Our No. 1 wine, the 2008 Atlantis from Argyros on Santorini, offered a very different sort of flavor profile. It was focused, harmonious and well structured, with an unusually meaty, savory aroma and underlying fruit and mineral flavors. Is that typical of a wine that’s 90 percent mandelaria and the remainder mavrotragano? I confess, I don’t know. But I’m certainly eager to drink a few more similar wines to find out.

Our No. 4 wine, the 2009 Rossiu di Munte from Katogi Averoff, was completely different. It is from Epirus, near the vicinity of Ioannina, where the grape of choice is the vlahiko. The wine was a bit paradoxical, with aromas of lush fruit, but dry and savory on the palate and refreshingly bitter.

In Macedonia, our No. 6 wine, the 2006 Avaton from Gerovassiliou in Epanomi, was the oldest and, at $48, the most expensive in our top 10. It was a blend of three grapes (limnio, mavrotragano and mavroudi) and, like the Katogi Averoff, managed to be both savory and lush, though the Avaton was much denser. The 2010 Porto Carras from the Côtes de Meliton, a Macedonian peninsula in the Aegean, was a completely different limnio: light, fresh and fruity, and immediately accessible.

The outlier among our favorites was our No. 3 bottle, the 2008 Biblia Chora Estate, from the Kavala region of Macedonia. It was made roughly half of cabernet sauvignonand half of merlot. Indeed, while Greece has hundreds of indigenous grapes, it also has a few international varieties. This wine was beautifully executed, with spicy fruit, herbal and mineral flavors. While I may prefer wines made of the less familiar grapes, it’s hard to argue with the quality of this bottle.

Part of what made the Biblia Chora interesting was its fine structure, a result of vineyards planted at a high enough elevation to offset the heat of the Mediterranean climate. In northern Greece, elevation does seem to be a crucial factor in determining the character of wines.

Two of the remaining wines, the dry, refreshing 2009 Gai’a Estate and the bright, earthy 2007 Tsantali Reserve, are both agiorgtiko, the grape of Nemea in eastern Pelopponese. These wines seemed a little more accessible than the xinomavros, but perhaps not as complex.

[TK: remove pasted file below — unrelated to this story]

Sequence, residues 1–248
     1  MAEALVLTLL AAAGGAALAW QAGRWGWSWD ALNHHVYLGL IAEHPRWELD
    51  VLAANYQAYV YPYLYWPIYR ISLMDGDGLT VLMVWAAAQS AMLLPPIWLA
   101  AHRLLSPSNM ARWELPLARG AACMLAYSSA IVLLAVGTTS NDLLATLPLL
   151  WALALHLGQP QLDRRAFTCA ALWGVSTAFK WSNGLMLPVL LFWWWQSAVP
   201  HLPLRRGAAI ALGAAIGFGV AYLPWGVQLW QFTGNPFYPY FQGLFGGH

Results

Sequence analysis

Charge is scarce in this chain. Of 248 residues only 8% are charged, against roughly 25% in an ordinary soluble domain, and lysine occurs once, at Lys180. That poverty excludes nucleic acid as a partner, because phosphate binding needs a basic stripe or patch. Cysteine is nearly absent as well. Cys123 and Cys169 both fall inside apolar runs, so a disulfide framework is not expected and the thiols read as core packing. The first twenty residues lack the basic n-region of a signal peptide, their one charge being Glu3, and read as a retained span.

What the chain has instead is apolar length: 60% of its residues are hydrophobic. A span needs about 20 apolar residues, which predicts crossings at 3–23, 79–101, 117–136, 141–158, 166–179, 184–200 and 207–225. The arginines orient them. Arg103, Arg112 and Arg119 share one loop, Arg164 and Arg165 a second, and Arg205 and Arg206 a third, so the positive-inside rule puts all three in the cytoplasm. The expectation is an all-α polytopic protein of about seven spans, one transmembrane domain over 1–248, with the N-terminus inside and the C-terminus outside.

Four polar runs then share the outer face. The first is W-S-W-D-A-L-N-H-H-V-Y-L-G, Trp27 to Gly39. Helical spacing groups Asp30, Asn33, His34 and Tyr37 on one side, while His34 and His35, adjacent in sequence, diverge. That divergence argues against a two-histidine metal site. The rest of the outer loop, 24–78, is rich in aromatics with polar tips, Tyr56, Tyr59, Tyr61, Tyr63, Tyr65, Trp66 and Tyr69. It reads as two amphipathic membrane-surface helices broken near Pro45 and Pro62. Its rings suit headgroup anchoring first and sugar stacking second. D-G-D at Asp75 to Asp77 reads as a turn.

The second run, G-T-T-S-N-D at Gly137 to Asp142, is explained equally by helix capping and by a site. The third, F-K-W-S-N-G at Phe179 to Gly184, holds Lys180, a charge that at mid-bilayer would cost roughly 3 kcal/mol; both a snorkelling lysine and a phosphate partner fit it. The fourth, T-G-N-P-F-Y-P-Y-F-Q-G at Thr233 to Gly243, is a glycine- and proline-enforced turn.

Despite the variety of Greek reds available, it pays to be cautious when buying. With wines like these, which are gaining in popularity but haven’t truly caught on, storage issues are a concern. By all means, investigate recent vintages. But dusty bottles that look as if they’ve been on a warm shelf for too long? They may recall the oxidized reds of yore. Steer clear.


Tasting Report

Argyros Santorini Atlantis, $20, ***
Unusual meaty, savory aroma, focused and well structured with earthy fruit flavors. (Athenee Importers, Hempstead, N.Y.)

Kir-Yianni Naoussa, $25, ***
Macedonia Ramnista 2008
Well balanced with high-toned aromas of menthol, herbs and flowers and firm tannins. (V.O.S. Selections, N.Y.)

Biblia Chora Kavala, $36, ***
Macedonia Estate 2008
Almost Bordeaux-like; structured and precise with aromas and flavors of spicy red fruit, herbs and minerals. (Cava Spiliadis, Astoria, N.Y.)

Katogi Averoff Epirus, $30, ** ½
Rossiu di Munte 2009
Dry, lively and compact, with savory, earthy flavors and a pleasing bitterness. (Frederick Wildman & Sons, New York)

Thymiopoulos Naoussa, $25, ** ½
Macedonia Uranos Xinomavro 2008
Tannic yet balanced; pleasant combination of red fruit, herbal and floral flavors. (Athenee Importers, Hempstead, N.Y.)

Gerovassiliou Epanomi Avaton, $48, **
Dark and dense with savory fruit aromas and lush texture. (Cava Spiliadis, Astoria, N.Y. Astoria, N.Y.)

Porto Carras Côtes de Meliton, **
Limnio 2010
Fresh and fruity with aromas of spicy, jammy fruit and cinnamon. (Athenee Importers)

Gai’a Estate Nemea, $19, **
Peloponnese Agiorgtiko 2009
Lively and refreshing with flavors of dark fruit and anise. (Athenee Importers)

Tsantali Nemea, $25, **
Peloponnese Reserve Agiorgtiko 2007
Minty, earthy fruit aromas with juicy flavors of bright fruit. (Fantis Imports, Carlstadt, N.J.)

Dio Fili Macedonia, $20, **
Xinomavro 2008
Tannic yet juicy and deeply fruity. (Nicholas Imports, Chantilly, Va.)